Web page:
This book "asserts that the origin and spread of languages must be examined primarily through the time-tested techniques of linguistic analysis, rather than those of evolutionary biology" and "defends traditional practices in historical linguistics while remaining open to new techniques, including computational methods" and "will appeal to readers interested in world history and world geography."
Discourse, Identity, and China's Internal Migration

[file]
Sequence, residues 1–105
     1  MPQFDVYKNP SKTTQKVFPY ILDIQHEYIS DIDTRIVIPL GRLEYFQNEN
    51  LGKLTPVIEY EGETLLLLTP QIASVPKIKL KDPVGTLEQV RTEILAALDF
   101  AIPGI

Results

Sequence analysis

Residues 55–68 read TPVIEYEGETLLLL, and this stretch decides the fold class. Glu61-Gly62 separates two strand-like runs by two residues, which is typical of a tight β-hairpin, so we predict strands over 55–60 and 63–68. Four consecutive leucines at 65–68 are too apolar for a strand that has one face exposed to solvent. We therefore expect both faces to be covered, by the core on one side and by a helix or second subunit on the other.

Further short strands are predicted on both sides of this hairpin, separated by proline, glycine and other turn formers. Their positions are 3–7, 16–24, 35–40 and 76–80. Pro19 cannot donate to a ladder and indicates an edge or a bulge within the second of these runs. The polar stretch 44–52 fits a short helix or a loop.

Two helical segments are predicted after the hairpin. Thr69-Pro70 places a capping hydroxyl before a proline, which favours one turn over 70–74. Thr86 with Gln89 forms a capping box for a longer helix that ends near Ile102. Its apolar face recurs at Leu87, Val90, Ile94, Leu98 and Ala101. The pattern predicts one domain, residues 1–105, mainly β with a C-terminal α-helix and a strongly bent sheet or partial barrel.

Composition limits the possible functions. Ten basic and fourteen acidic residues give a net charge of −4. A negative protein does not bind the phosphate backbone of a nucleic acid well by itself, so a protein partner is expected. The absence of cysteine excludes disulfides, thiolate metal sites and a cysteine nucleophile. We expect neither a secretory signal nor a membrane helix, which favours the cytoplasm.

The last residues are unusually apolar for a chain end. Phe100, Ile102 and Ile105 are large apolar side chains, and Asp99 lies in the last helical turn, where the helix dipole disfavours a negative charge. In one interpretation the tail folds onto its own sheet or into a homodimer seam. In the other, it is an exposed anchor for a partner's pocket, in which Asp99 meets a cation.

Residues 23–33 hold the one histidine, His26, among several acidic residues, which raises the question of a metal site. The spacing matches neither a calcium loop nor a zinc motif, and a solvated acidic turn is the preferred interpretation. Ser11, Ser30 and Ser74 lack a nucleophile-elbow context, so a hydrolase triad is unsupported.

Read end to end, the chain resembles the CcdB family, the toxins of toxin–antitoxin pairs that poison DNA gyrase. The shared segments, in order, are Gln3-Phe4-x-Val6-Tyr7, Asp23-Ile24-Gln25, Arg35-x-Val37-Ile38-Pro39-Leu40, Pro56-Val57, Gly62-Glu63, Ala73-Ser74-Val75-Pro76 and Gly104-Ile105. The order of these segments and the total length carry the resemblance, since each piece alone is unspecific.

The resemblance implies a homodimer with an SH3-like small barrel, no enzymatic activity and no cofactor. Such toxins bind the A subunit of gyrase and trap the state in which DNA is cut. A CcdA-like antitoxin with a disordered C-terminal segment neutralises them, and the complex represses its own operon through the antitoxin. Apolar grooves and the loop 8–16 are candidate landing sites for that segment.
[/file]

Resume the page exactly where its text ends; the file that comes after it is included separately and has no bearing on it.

Rural-urban migration has been going on in China since the early 1980s, resulting in complicated sociolinguistic environments. Migrant workers are the backbone of China’s fast growing economy, and yet little is known about their and their children’s identities – who they are, who they think they are, and who they are becoming. The study of their linguistic practice can reveal a lot about their identity construction as well as about transitions in Chinese society and the (re)formation of social structure at the macro level. In this book, Dong Jie presents a wide range of ethnographic data which are organised around a scalar framework. She argues that three scales – linguistic communication, metapragmatic discourse, and public discourse – interact in complex and multiple ways.